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"I can count on one hand the number of people who wrote me a thank you letter after having an interview, and I gave almost all of them a job.”
- Kate Reardon

8 Q's 70 Secs

Change Your Life

Ask interviewers these questions. Show your vision and interest

VIDEO

Best Learnership and Apprenticeship Interview Tips

Apprenticeships, Learnerships, and Internships are job specific qualifications preparing you for work in a range of or specific industries.

 Interview Tips for Job-based Qualifications and Internships 

How to Prepare and What to Say

You’ve made it through to the interview round! way to go!!! It means you’ve been shortlisted out of a couple of hundred, let that sink in and think about what it is that made you stand  out. Now build on it.

An interview is your opportunity to stand out from everyone else. Use every opportunity to gather information about the company and what type of people they are looking for.

Preparing is not a quick thing. It takes hours of research and finding people you can connect with to strengthen your place.

Be Social Media Sharp

If you want a creative career or one with a strong people focus – the ability to use online platforms to promote your work and help shape opinions in  a company’s favour can advantage you.

Social workers, religious groups and community groups all benefit from social media as they can share messages and build support for causes.

  • Set up a LinkedIn profile and transfer all your information from your CV on it. Update all information. Check your spelling and make sure your profile picture is smart and professional.
  • Set up a Twitter account, find and follow the company and as many people who work there. Like, comment and retweet their stuff. Always be positive and friendly.
  • Remove inappropriate pictures and statements from Facebook, instagram or anywhere else you shared stuff you may regret. No recruiter should know that you get drunk every weekend and have been photographed passed out on many toilet floors. Adult up now ok! 🙂

Check Out Your Competition

Arrive early. Early enough to observe your potential competition.

If you have to wait with other applicants, use the time to find out about your competition.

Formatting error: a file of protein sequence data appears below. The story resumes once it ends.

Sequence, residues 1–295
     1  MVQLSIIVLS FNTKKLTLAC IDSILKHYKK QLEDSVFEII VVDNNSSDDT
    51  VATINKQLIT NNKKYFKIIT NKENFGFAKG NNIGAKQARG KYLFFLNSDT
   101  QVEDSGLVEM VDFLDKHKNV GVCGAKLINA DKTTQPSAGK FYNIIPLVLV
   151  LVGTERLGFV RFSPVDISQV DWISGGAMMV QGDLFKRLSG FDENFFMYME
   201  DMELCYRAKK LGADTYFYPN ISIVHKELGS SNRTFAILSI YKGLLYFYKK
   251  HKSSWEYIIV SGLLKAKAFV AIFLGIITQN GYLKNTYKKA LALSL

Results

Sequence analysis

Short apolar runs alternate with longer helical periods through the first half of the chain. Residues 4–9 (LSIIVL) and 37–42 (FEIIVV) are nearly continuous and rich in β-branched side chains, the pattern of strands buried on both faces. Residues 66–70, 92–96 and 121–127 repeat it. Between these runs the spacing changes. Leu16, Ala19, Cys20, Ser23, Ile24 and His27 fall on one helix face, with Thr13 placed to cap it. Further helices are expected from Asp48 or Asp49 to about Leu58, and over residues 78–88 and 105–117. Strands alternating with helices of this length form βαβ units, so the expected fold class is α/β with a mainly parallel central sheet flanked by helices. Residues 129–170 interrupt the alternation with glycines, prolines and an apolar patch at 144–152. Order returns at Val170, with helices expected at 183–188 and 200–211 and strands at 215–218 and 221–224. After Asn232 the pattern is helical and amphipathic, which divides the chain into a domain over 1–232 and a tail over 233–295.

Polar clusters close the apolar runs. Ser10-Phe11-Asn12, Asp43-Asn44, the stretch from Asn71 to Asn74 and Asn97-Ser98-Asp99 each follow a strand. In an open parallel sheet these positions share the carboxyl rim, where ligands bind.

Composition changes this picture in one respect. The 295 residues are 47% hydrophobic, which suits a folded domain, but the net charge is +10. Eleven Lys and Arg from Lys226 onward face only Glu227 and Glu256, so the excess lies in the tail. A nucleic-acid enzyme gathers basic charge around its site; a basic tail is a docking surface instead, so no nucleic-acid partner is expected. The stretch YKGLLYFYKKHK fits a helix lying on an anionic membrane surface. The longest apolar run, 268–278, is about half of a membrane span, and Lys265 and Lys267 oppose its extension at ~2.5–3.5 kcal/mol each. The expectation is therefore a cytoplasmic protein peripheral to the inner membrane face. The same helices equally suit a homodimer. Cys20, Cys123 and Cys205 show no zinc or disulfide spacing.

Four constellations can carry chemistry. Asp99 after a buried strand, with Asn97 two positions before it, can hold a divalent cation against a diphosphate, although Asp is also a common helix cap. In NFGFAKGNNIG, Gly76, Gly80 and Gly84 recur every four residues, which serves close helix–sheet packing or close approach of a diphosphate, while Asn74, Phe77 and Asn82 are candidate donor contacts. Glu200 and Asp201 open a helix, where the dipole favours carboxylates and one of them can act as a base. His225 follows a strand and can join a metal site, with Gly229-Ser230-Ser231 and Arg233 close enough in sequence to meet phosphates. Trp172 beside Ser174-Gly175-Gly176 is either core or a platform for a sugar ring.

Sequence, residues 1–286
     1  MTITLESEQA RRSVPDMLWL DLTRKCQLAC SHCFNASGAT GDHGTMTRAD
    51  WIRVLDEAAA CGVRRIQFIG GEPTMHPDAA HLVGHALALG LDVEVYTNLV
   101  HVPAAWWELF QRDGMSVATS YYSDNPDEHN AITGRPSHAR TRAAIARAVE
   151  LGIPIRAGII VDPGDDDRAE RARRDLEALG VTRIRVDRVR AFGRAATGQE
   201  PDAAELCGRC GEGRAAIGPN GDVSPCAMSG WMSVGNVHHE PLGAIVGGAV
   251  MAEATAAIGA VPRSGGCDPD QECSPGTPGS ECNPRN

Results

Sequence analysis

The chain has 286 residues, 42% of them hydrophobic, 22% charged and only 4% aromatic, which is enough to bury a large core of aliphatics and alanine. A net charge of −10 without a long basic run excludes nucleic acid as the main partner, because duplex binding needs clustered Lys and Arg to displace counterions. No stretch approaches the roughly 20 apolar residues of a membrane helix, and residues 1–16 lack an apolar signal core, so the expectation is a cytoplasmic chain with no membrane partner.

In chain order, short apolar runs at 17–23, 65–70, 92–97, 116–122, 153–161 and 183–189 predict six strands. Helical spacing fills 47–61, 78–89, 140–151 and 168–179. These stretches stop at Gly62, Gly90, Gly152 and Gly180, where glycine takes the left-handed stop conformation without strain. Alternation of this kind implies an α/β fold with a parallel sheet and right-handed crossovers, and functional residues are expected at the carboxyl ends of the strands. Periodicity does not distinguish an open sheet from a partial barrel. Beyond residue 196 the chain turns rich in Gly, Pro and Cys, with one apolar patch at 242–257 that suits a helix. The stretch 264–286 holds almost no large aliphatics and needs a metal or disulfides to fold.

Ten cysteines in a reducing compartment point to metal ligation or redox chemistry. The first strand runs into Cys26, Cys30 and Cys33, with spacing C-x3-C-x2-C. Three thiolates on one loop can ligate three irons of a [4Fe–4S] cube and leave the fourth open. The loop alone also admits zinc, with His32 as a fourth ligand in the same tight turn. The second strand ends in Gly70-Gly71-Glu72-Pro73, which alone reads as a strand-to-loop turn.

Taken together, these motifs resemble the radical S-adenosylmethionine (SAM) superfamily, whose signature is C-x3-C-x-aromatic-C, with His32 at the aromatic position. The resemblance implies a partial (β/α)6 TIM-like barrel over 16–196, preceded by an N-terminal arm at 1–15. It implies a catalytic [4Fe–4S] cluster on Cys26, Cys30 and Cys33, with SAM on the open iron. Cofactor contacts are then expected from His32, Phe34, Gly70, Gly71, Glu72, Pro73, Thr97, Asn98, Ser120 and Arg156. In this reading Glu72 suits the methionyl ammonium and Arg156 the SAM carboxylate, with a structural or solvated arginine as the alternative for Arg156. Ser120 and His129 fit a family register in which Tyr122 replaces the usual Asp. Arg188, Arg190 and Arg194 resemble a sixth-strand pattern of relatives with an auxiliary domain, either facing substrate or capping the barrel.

1. Listen to how they communicate, are they shy, insecure, timid or bold, confident and determined?
  2. Look at their body language. Are they fidgeting, moving nervously, looking away from everyone and avoiding engaging?
  3. Pick out who you think you would want to employ if you were the interviewer.NOW BE BETTER THAN THEM!

If you don’t get to meet your competition – you need to charm the receptionist. Have a roll of sweets and offer one. Ask questions about the organisation, ask about the corporate culture and ask what’s the best and worst thing about the company. Br friendly, don’t push for information if they seem unwilling or bored by you.

It’s ok to be nervous. No interviewer expects everyone to feel confident and relaxed in an interview setting. Obviously though, it’s to your advantage if you are! Just a heads up – you could be interviewed by more than one person.


7 Steps: Present Confidence and Passion at the Interview

1. Shake the interviewer’s hand, if they are seated behind a table walk up to the table, greet, stretch out your hand to each person and then be seated.  If the table is too wide for you to do so, simply look at each person, acknowledging everyone.

2. The first thing you must do is thank them for calling you in for an interview. Make eye contact with each person there to show that you value each professional’s presence. I know…eye contact can be a tricky cultural issue sometimes, although most interviewers are sensitive to this, still try. It’s not considered disrespectful and can set you apart from others might struggle to fit into the organisation’s culture for a while.